“Caetana… is such a weird and uncommon name… Do you like it or do you have a nickname we can call you?”
My name is not common. I can’t keep count on how many times people commented on this fact, trying to hide the disgusted look in their eyes. I get it, it is a strong name that you either love or hate. There is no in between. Just like the woman I became.
Dating back to 1994 (yes, I am that old..) my father went against the entire family, when he decided to name his first daughter after the spanish Cayetana Fitz-James Stuart, the 18th Duchess of Alba. My mother didn’t like it, and my grandmother even said she refused to call me by that horrible name, she would come up with a sweet nickname for me that would save me from total disgrace.
Honestly? I absolutely love it. I dare saying it is one of the details I love the most about myself. I am glad my father won the battle.
The only time of the year when I know I would have some benefit of getting the name my mother wanted, Margarida, is around Christmas. And only because I have a sweet tooth and I love chocolate. Don’t feel confused, you will get why in a minute.
My great uncle is Dutch. He is a regular and cherished presence in our home, and also someone I deeply admire since I was a kid.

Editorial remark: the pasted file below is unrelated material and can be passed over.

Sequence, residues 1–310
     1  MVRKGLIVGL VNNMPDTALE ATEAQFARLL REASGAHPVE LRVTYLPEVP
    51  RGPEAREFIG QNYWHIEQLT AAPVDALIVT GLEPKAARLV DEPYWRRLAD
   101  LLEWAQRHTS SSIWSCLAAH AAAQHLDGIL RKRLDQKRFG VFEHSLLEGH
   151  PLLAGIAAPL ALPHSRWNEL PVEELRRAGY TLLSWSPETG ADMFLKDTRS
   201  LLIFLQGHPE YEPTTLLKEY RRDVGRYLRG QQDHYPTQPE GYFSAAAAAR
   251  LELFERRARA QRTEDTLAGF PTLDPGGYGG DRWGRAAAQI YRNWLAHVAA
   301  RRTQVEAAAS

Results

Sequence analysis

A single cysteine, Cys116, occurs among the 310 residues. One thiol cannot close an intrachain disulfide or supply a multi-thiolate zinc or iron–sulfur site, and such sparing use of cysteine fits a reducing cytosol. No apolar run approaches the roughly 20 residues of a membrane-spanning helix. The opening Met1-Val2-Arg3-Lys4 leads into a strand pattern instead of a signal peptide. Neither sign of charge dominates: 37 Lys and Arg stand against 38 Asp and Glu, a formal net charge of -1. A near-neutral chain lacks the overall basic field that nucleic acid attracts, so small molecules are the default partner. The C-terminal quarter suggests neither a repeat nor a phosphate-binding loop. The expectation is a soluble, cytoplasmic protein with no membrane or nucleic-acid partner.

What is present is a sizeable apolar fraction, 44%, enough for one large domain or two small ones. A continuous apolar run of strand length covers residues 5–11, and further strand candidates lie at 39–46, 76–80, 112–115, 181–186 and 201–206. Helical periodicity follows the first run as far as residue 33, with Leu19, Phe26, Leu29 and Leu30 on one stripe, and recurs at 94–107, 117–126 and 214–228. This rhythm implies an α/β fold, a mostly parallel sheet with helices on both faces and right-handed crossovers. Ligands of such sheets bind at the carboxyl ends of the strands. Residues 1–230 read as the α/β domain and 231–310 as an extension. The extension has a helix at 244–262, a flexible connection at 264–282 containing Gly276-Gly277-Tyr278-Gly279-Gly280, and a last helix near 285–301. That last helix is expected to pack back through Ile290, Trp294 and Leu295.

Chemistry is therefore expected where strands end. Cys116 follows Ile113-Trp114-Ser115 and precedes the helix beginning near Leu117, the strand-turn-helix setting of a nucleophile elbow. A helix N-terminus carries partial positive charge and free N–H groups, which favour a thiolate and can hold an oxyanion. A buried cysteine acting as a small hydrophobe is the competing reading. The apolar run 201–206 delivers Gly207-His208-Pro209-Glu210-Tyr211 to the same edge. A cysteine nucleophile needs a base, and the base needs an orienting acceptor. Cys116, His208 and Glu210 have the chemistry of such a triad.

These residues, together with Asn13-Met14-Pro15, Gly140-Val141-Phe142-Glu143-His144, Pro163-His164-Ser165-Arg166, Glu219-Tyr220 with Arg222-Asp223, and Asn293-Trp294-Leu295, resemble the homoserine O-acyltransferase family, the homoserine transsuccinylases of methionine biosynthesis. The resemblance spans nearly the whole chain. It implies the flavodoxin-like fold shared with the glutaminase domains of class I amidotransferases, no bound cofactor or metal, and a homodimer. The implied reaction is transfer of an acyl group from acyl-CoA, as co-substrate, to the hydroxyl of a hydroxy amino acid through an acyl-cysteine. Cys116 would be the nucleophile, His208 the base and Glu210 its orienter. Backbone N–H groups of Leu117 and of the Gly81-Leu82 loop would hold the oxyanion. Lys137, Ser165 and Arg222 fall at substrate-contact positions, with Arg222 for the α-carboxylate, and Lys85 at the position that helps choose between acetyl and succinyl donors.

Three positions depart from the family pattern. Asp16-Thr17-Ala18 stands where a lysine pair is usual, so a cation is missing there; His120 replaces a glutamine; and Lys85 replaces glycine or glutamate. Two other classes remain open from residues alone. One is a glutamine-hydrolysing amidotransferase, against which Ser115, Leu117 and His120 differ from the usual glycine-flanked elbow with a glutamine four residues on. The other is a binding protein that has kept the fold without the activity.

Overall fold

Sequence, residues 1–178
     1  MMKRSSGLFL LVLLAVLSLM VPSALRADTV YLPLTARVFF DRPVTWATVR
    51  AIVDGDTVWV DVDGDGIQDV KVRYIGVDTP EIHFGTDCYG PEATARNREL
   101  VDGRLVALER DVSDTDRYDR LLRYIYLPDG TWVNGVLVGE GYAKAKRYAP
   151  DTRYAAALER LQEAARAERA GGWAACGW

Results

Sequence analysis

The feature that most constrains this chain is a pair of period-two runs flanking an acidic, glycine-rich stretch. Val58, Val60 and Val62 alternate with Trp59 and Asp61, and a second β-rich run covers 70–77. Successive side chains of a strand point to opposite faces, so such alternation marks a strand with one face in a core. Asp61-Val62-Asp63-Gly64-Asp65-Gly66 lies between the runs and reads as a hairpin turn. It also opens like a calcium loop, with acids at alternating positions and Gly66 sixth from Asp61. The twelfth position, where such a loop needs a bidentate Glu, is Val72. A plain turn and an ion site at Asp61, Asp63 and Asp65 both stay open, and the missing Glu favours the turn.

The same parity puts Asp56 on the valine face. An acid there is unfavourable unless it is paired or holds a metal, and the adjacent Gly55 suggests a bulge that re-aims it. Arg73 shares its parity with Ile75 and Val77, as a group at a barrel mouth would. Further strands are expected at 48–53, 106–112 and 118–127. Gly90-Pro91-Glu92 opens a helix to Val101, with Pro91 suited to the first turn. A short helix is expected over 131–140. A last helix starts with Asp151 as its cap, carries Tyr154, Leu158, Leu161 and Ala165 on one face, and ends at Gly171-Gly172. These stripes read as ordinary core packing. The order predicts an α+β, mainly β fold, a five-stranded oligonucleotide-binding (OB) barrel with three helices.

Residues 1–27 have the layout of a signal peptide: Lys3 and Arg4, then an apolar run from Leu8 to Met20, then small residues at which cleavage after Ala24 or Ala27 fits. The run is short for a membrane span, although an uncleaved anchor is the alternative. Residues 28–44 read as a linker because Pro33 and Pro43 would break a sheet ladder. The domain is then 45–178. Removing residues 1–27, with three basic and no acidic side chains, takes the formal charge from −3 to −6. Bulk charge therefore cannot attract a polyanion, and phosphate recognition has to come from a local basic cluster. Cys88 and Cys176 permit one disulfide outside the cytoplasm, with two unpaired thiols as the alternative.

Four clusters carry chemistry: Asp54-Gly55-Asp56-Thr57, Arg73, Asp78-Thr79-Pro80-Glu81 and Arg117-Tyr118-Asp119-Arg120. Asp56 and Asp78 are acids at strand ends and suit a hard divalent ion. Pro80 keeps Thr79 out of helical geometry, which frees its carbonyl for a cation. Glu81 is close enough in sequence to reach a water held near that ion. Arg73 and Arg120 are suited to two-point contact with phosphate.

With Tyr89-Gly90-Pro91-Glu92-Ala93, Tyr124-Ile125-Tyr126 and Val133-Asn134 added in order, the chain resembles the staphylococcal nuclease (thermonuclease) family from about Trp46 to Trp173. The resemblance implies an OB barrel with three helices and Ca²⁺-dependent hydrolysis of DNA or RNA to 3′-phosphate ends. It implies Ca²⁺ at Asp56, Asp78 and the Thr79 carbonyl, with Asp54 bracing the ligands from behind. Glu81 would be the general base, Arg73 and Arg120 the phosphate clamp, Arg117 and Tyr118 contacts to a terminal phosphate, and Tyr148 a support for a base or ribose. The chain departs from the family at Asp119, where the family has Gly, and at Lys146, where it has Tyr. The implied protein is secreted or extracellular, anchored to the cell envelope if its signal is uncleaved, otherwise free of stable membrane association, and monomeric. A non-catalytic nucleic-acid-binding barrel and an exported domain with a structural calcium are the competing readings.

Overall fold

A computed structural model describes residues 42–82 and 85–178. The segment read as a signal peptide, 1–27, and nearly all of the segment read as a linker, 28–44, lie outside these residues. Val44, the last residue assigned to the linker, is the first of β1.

Not only his love story with my Portuguese great aunt could be a bestseller novel (they started as pen palls – an ancient version of Tinder, that has absolutely nothing to do with it! – and they made it work, resulting in marriage, seven kids, several grandkids and a lifetime together), but also his personality is absolutely charming.
He is a fount of wisdom and also a pretty active old man. He speaks several languages, knows the best symphony orchestras and the best books, keeps up with international news and talks with simplicity to anyone who is willing to listen and to learn from him. I envy not only his brain, but also his energy. He goes swimming, is part of his church’s choir, travels a lot, and he can still find in his busy schedule the time to come over for dinner with us.
He has always treated me like a granddaughter. Every year, around Christmas time, he brings me a chocolate letter. You see, the Dutch love to give each other chocolate letters for Sinterklaas (Saint Nicholas, a Dutch holiday celebrated on the 5th of December). These letters correspond to the first letter of your name, and they are made from dark, milk or white chocolate.